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Erythrocytes can be coated with antibodies, protein ligands, or aminophospholipids targeting specific phagocytic receptors. Binding and uptake of erythrocytes by macrophages can then be assessed quantitatively. (A) Cytofluorographs demonstrate the efficient coating of erythrocytes with antibodies, protein ligands, or different forms of PS. Cy3-conjugated antibodies were used to detect either biotinylated antibodies or biotinylated proteins on the surface of erythrocytes. Phycoerythrin–annexin V was used to detect various forms of PS on the surface of erythrocytes. Histogram in black demonstrates unstained erythrocytes. (B) Light microscopy was used to accurately assess the binding or uptake of Ebab by HMDM. Erythrocytes coated with either an irrelevant IgM isotype control (anti-TNP), anti-CD32, or anti-CD36 were incubated with HMDM for 30 min. After washing away nonadherent Ebab, distilled H2O was used to lyse the Ebab bound but not engulfed by the HMDM. This figure illustrates the high level of both tethering and engulfment of Ebab–anti-CD32 by HMDM, whereas Ebab–anti-CD36 were mostly tethered but not engulfed.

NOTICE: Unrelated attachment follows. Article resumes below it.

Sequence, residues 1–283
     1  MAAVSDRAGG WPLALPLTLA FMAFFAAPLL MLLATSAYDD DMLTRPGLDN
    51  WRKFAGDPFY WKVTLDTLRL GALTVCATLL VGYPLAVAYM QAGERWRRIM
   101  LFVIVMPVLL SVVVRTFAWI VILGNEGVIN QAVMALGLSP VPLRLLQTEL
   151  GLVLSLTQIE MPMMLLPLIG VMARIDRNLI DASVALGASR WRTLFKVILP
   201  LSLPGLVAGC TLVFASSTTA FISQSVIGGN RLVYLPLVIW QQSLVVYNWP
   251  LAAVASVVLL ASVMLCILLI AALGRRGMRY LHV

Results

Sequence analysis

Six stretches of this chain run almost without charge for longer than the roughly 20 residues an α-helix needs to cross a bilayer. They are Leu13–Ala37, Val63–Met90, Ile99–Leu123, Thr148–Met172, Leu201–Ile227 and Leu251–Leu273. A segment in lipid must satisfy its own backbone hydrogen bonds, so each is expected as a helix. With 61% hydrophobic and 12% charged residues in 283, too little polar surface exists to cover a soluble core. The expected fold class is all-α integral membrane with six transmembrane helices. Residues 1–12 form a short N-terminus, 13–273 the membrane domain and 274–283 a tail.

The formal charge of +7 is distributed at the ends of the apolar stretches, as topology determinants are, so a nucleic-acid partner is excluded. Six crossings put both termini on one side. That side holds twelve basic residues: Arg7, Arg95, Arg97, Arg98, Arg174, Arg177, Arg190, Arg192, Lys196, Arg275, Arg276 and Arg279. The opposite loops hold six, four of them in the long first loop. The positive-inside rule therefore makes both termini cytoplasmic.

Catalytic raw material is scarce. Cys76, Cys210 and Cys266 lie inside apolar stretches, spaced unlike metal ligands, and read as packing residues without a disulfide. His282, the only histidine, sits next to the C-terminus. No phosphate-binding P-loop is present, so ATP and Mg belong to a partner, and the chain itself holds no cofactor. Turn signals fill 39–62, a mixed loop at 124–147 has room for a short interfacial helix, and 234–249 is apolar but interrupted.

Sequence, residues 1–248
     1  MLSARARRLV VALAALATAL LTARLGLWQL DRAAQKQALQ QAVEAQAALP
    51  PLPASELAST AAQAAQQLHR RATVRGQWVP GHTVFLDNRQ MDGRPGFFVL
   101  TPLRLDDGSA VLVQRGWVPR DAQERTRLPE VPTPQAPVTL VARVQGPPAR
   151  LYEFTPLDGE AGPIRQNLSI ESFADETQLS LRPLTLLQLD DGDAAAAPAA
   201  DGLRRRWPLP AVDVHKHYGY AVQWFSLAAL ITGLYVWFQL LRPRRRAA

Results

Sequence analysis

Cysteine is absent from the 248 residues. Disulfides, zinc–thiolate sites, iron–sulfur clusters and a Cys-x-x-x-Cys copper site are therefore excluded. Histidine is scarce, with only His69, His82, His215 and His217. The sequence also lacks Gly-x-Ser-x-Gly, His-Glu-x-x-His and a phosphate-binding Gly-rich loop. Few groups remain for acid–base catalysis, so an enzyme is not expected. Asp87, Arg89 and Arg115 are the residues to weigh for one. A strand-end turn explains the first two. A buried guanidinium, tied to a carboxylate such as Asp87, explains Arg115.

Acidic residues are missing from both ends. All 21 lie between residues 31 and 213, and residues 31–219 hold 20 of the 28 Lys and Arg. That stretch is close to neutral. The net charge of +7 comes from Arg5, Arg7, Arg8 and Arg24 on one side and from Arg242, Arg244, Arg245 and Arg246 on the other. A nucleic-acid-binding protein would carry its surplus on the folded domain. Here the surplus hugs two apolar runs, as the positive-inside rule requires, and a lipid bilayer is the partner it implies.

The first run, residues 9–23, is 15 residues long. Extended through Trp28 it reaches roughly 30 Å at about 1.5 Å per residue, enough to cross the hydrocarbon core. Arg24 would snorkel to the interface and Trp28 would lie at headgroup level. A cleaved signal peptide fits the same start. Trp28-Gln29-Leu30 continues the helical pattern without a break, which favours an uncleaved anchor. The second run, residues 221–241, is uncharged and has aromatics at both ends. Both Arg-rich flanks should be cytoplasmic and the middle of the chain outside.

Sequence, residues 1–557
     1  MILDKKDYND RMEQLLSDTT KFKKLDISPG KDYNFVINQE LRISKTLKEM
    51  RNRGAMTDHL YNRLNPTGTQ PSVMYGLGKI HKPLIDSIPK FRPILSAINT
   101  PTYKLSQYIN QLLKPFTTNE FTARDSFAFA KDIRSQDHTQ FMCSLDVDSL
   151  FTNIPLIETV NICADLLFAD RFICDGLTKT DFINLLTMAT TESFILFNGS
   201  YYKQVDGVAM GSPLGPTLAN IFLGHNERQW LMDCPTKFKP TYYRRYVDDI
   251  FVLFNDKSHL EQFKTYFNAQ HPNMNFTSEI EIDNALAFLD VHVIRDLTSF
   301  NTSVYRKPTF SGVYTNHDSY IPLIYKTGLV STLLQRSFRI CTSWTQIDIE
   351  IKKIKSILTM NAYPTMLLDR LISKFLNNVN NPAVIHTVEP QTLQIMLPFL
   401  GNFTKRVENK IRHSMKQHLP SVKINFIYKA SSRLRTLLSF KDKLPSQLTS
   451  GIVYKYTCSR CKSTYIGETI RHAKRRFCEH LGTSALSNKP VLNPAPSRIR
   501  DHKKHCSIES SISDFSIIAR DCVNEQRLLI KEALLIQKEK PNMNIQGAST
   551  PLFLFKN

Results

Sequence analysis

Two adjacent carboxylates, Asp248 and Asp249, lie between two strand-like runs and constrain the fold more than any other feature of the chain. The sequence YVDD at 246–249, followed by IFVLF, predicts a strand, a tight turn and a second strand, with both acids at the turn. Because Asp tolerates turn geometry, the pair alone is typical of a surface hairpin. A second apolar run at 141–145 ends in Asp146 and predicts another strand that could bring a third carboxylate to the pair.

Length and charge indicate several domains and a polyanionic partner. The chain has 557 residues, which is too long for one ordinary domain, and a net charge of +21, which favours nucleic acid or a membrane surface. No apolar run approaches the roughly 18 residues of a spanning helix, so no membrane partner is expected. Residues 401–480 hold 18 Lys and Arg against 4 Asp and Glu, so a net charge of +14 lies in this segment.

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fig1: Erythrocytes can be coated with antibodies, protein ligands, or aminophospholipids targeting specific phagocytic receptors. Binding and uptake of erythrocytes by macrophages can then be assessed quantitatively. (A) Cytofluorographs demonstrate the efficient coating of erythrocytes with antibodies, protein ligands, or different forms of PS. Cy3-conjugated antibodies were used to detect either biotinylated antibodies or biotinylated proteins on the surface of erythrocytes. Phycoerythrin–annexin V was used to detect various forms of PS on the surface of erythrocytes. Histogram in black demonstrates unstained erythrocytes. (B) Light microscopy was used to accurately assess the binding or uptake of Ebab by HMDM. Erythrocytes coated with either an irrelevant IgM isotype control (anti-TNP), anti-CD32, or anti-CD36 were incubated with HMDM for 30 min. After washing away nonadherent Ebab, distilled H2O was used to lyse the Ebab bound but not engulfed by the HMDM. This figure illustrates the high level of both tethering and engulfment of Ebab–anti-CD32 by HMDM, whereas Ebab–anti-CD36 were mostly tethered but not engulfed.